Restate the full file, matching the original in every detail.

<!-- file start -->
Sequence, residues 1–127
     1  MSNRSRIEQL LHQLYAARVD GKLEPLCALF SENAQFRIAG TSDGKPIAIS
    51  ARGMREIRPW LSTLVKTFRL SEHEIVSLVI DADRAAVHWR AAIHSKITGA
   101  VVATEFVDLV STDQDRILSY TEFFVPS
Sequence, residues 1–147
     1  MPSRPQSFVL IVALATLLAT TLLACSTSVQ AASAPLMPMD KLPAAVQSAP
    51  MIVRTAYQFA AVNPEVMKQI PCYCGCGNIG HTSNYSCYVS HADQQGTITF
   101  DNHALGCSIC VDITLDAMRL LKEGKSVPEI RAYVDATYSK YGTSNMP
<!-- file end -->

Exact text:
Sequence, residues 1–127
     1  MSNRSRIEQL LHQLYAARVD GKLEPLCALF SENAQFRIAG TSDGKPIAIS
    51  ARGMREIRPW LSTLVKTFRL SEHEIVSLVI DADRAAVHWR AAIHSKITGA
   101  VVATEFVDLV STDQDRILSY TEFFVPS
Sequence, residues 1–147
     1  MPSRPQSFVL IVALATLLAT TLLACSTSVQ AASAPLMPMD KLPAAVQSAP
    51  MIVRTAYQFA AVNPEVMKQI PCYCGCGNIG HTSNYSCYVS HADQQGTITF
   101  DNHALGCSIC VDITLDAMRL LKEGKSVPEI RAYVDATYSK YGTSNMP